Steve Hofbauer


Hofbauer is the current Mayor of the city. He was first elected in 2018 and is running for his first re-election. He earned an education in emergency medical services, fire and building codes, and fire inspection and investigation from a range of schools, including Los Angeles and Valley Colleges, Rancho Santiago, Santa Ana, and Rio Hondo Colleges, UCLA Extension, and California State University Los Angeles. Before going into politics, Hofbauer worked in fire services for 32 years.


Among some of the listed issues on his site promise to have safer roads and parks and upgraded equipment for the Emergency Operations Center. His previous actions for the city’s economy during the pandemic included the Palmdale Cares initiative which helped small businesses apply for one-time grants of up to $10,000 and projects to help small businesses stay open while following the public health guidelines. He also has stated that he is in favor of implementing environmentally sustainable policies.


Laura Bettencourt


Bettencourt was first elected to the Palmdale City Council in 2009, through a May special election, and has been elected 4 times since. She also works as a crime and intelligence analyst for the LA County Sheriff’s Department and as a professor in criminal justice at Antelope Valley College. Bettencourt received her Associate’s degree from AVC, a Bachelor’s degree in social ecology from UC Irvine, and a master’s degree in criminal justice from CSU San Bernardino.


Among the goals Bettencourt lists on her website are her plans to bring in jobs to the AV to keep residents from having to commute; provide better infrastructure, improve parks, and reimplement community events for youth and seniors; and make Palmdale the location for the next UC or CSU school.


Xavier Flores


Unfortunately, Flores does not have a running website for his campaign, and information surrounding his platform is vaguer than that of previously reviewed candidates. Flores has centered his education around Chicano studies and received a major in social science.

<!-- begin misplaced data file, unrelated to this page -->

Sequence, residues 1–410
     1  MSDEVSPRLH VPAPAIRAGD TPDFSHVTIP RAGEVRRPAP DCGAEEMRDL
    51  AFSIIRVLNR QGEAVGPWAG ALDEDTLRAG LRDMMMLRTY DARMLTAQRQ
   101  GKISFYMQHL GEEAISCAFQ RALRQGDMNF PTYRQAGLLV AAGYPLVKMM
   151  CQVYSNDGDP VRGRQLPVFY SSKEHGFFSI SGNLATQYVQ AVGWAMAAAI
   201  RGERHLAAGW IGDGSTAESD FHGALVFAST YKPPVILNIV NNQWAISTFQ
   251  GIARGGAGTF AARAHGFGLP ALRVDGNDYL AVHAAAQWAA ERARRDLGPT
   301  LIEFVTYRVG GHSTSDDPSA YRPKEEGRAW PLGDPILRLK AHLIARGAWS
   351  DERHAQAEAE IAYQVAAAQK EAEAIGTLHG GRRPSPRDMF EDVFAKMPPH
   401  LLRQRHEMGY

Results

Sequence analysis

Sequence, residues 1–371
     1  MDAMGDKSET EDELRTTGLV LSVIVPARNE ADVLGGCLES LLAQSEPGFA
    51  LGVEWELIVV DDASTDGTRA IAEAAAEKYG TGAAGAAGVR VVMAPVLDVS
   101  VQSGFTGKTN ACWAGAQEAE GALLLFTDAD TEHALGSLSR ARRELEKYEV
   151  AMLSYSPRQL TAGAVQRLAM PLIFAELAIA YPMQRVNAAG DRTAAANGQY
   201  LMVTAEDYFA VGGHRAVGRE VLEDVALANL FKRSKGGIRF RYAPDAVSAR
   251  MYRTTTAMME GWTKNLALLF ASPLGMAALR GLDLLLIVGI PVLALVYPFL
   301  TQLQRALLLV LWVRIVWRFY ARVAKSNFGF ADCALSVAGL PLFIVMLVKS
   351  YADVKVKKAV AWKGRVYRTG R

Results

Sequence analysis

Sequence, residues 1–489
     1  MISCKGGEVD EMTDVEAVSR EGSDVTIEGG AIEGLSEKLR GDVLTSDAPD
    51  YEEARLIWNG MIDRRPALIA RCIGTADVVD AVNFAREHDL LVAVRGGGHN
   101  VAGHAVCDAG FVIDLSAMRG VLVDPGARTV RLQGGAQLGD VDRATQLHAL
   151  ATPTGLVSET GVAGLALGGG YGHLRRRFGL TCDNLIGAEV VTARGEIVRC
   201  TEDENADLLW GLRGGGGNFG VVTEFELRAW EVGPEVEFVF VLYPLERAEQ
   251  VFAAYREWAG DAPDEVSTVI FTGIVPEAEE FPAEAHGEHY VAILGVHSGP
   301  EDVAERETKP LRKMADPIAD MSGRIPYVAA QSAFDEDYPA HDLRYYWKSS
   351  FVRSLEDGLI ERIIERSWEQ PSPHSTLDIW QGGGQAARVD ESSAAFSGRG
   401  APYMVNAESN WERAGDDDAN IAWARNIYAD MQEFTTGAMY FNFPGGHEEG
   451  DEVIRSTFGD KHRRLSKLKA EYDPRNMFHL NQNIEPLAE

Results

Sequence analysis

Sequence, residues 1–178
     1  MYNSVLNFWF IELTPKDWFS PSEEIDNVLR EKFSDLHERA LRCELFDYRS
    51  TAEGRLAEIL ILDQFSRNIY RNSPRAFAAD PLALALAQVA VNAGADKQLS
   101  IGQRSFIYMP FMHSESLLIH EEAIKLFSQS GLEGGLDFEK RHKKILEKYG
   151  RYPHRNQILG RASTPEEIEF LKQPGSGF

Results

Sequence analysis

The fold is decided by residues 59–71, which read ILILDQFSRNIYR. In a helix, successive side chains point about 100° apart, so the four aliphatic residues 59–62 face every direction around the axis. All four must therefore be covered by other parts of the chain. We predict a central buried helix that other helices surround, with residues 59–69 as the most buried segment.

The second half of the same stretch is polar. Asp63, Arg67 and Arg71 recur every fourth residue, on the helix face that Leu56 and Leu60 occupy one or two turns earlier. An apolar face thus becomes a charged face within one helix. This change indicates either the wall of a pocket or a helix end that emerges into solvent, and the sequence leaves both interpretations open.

He shared some of his plans if elected Mayor. Flores hopes to reduce crime by reducing the number of businesses that sell tobacco and alcohol – thereby reducing their consumption – and plans on creating a sort of system that would help big and small businesses enjoy protection from closures and an inability to meet payroll requirements.


Rick Norris


Norris has a Juris Doctorate Degree law degree from the Western State University of Law. This won’t be his first time in politics as he has served as a City Council Member after winning in 2000. Currently, he is Chairman of the Palmdale Regional Medical Center.


His campaign platform consists of his five-step plan RAISE Palmdale: Revitalize, Achieve, Improve, Strengthen, and Enhance. Norris focuses mostly on boosting the economy through “active, aggressive marketing,” towards new businesses, eliminating funds for “misguided and misdirected” programs, and creating wider access to treatment programs in the city, rather than force residents to make long drives to find the proper healthcare resources.


Eric Olhsen


Olhsen is the youngest name on the ballot for Mayor this year. At 37, Olhsen served on the United States Coast Guard Joint Terrorism Task Force and, later, the Marine Safety and Security Team straight out of high school; afterward, he moved to Palmdale to start his career as a film producer. Earlier this year, he lost the primaries for the California State Assembly District 36.


As Mayor, he would focus on infrastructure, education, and the economy. According to his website, the three are intertwined: Investment in infrastructure, for example, creates jobs, stimulating a growing and prosperous economy that will fund improvements to education.”


Tonya “Alenna” Schofield

Schofield has worked in a multitude of positions, including Credit Specialist, Reading Coach, and CEO of The Reading Tutor, an academic tutorial service. Her educational background is also plentiful, seeing as she’s attended CSU Dominguez Hills, Aenon School of Theology and Bible Studies, Strayer University, and the University of Phoenix and has degrees in liberal studies, English and religious studies.


Her platform, as her life, is not geared towards a single-policy campaign, but rather aims to address issues in education, healthcare, police reform, voter suppression, green technology, career opportunities, and youth and senior programs.


This is certainly a brief run-down of some of the candidates to look out for this November, so if you or anyone else you know is eligible to vote, I recommend using this article as a starting point in the process of making informed decisions in the voting booth. And, make sure to look out for a follow up with the candidates running for City Council!